Citizen member Sean Kumar said it would be useful to have “an assessment of gaps and needs by the staff and commission” of “the kinds of help we are going to need.” Kumar said he was not sure the commission would need “two sets of attorneys.” At a previous meeting, it was observed that legal experts are usually identified with a particular political party. Hiring two sets of lawyers, Kumar said, “will be open to debate. I view it as incredibly costly.” Kumar said it was also possible that state resources could be identified to support the commission’s work.

Co-chair Mackenzie Babichenko, who led the meeting, and Wade said the DLS staff was working on a menu of options and what they were likely to cost for the commission to consider at a future meeting.

The commission then discussed ideas for publicizing its meetings and its work. Wade commented that based on what had already been spent, “you can see that print and digital advertising can be expensive.” Citizen members volunteered suggestions for using Division of Motor Vehicle offices, courthouses, libraries, mass transit facilities, covid-19 vaccination sites and social media platforms to save money. Del. Delores McQuin, D-Richmond, suggested making use of faith communities to help reach Black citizens.

Simon said he had heard some “dissatisfaction” that the commission’s timetable did not anticipate holding public hearings before the U.S. Census data became available in August. “Since we have more time, can we use it to have more public hearings?” he asked. Babichenko said some commission members had expressed willingness to participate in more public hearings, and said the DLS staff would work on determining the commissioners’ availability for that.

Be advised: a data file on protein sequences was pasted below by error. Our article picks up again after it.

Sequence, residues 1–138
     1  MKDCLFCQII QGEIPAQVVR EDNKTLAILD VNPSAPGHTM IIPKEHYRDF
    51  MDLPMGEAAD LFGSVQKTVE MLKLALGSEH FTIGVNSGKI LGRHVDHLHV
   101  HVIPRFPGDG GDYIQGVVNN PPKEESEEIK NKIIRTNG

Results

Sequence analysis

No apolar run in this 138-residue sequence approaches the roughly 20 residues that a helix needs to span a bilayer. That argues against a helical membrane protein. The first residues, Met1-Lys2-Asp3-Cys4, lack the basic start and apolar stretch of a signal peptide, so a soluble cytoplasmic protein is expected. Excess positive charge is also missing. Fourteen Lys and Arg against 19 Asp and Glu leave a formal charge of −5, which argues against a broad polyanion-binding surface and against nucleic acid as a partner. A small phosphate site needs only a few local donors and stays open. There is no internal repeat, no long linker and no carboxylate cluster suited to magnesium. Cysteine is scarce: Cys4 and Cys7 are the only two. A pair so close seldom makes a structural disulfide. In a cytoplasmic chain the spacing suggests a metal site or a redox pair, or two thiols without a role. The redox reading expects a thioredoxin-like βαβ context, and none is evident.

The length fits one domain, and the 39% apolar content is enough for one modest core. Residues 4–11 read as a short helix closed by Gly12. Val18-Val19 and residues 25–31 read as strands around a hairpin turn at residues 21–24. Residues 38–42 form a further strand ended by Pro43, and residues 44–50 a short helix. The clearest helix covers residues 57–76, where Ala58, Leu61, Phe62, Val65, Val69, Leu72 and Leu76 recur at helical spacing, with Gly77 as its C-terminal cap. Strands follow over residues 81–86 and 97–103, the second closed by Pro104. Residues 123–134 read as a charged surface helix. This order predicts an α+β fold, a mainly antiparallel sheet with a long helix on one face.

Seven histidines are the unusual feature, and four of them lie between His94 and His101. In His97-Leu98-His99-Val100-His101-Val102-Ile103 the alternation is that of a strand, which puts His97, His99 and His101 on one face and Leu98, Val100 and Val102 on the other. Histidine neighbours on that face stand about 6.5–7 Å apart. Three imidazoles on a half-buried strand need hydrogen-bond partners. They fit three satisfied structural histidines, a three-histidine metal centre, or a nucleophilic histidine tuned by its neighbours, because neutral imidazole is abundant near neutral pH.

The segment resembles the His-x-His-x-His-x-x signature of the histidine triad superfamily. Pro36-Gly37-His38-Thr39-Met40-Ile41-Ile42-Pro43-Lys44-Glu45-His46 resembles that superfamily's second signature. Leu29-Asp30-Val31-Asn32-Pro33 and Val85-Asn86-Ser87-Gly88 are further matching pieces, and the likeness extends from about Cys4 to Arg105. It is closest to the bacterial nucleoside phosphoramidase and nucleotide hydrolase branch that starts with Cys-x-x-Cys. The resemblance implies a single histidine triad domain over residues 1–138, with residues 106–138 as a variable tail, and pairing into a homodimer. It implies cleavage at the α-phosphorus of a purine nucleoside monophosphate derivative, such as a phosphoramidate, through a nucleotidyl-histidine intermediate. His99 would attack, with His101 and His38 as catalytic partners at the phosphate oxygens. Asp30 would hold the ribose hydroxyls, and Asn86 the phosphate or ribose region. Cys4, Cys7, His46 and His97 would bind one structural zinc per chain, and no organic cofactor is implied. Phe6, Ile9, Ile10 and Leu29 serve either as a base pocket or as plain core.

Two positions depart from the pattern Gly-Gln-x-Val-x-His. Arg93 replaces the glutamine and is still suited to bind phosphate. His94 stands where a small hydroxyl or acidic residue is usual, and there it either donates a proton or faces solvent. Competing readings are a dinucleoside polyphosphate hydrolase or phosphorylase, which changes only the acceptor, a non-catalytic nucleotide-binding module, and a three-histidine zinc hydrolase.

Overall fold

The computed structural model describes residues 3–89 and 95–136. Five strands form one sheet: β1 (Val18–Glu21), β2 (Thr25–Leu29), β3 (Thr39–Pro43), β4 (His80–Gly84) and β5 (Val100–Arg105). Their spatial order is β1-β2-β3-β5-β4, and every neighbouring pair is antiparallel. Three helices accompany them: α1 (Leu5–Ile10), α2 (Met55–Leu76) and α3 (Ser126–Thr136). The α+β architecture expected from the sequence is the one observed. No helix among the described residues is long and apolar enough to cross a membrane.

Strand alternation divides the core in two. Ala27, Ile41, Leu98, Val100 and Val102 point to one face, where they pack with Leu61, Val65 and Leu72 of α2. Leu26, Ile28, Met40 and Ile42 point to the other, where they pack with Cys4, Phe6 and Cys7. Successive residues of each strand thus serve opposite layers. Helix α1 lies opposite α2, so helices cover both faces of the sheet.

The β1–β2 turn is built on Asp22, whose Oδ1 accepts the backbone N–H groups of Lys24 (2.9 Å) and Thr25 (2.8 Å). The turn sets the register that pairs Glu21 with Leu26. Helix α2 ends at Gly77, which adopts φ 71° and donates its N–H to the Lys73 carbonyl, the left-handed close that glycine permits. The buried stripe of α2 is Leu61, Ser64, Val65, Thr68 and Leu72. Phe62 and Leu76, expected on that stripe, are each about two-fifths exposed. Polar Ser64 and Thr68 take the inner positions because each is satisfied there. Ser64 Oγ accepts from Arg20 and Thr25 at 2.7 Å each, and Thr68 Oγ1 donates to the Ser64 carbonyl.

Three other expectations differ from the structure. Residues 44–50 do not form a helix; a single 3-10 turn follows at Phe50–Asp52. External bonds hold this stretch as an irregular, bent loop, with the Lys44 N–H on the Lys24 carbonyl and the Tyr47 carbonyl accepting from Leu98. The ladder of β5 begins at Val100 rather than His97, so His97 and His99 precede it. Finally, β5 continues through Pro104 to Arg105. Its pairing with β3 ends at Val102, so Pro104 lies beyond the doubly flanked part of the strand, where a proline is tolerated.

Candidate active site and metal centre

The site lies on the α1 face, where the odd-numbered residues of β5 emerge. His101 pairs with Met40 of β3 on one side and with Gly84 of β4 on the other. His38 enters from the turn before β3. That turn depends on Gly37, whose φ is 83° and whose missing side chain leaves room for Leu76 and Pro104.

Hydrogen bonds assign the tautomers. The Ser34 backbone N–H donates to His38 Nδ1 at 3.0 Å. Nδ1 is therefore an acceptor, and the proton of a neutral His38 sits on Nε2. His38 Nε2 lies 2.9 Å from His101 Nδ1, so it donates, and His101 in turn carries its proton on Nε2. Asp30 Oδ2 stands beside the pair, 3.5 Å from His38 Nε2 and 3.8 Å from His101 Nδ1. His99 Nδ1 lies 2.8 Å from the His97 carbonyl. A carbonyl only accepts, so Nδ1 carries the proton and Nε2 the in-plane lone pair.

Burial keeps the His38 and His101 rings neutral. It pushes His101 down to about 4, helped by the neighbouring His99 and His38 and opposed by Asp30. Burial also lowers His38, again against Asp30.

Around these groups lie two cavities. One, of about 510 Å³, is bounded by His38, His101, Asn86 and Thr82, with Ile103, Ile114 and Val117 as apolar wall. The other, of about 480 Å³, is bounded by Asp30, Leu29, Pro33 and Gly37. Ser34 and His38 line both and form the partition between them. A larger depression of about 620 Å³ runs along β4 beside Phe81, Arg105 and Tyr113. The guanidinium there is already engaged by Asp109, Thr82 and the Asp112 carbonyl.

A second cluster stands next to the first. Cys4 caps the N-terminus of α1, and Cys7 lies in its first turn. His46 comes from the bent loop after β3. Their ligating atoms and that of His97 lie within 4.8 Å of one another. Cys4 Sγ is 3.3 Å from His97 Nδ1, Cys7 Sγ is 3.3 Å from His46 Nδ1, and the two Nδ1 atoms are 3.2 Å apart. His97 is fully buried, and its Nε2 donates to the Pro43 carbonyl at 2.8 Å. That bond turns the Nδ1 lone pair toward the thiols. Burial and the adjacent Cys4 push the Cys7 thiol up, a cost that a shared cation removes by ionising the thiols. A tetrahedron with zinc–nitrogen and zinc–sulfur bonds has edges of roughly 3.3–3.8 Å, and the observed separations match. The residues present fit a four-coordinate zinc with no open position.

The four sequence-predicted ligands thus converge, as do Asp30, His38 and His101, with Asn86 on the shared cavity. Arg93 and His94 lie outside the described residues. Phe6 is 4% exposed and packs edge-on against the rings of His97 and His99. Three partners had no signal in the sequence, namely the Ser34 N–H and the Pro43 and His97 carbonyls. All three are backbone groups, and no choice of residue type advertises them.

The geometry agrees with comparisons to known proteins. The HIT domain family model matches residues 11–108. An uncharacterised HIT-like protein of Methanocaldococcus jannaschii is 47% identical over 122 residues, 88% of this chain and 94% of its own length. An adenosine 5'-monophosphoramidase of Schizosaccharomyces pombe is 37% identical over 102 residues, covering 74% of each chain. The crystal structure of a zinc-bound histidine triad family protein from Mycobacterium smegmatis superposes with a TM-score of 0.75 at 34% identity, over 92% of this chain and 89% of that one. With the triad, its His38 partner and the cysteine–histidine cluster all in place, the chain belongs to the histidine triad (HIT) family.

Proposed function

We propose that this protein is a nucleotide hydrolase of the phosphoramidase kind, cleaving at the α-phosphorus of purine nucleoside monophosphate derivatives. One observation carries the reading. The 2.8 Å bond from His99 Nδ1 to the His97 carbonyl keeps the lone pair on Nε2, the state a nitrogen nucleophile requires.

Noting that 32 people had registered to make public comments, the commission set aside the last hour of its meeting to make time for the commenters to each have two minutes, giving priority to persons who had not previously appeared before the commission. However, there was apparently confusion over accessing the meeting and registering to speak, as only nine persons actually wanted to make comments, most of them persons connected with the League of Women Voters or other groups that have been monitoring the process closely.

Kyle Barnes, executive director of, led off the commenters, saying that his organization, affiliated with the Princeton Gerrymandering Project, was eager to help the commission, particularly in working with citizens and community organizations to help identify communities of interest, a new redistricting criteria. Barnes echoed the view that the Census delays “provide an opportunity to provide a portal for differing abilities and languages.”

Liz White, executive director of OneVirginia2021, also offered her organization’s support to help the commission connect with subject matter experts in Virginia and around the country. Corin Reade urged the commission to partner with the League, VCET and other groups that have worked to reach out to previously unengaged voters to better leverage their networks. She also urged the commission to seek the help of other states, such as Michigan, that have created independent redistricting commissions.

Fran Larkins of the Fredericksburg League of Women Voters encouraged the commissioners to schedule more public hearings to ensure that the concerns of those parts of the state that were not represented on the commission would have a chance to get their concerns aired. Larkins noted that the California Redistricting Commission had held more than 30 public hearings in that state.

The commission’s next meeting is scheduled for April 26. Video recordings of its meetings and related materials are here. 

–Sara Fitzgerald, LWV-Falls Church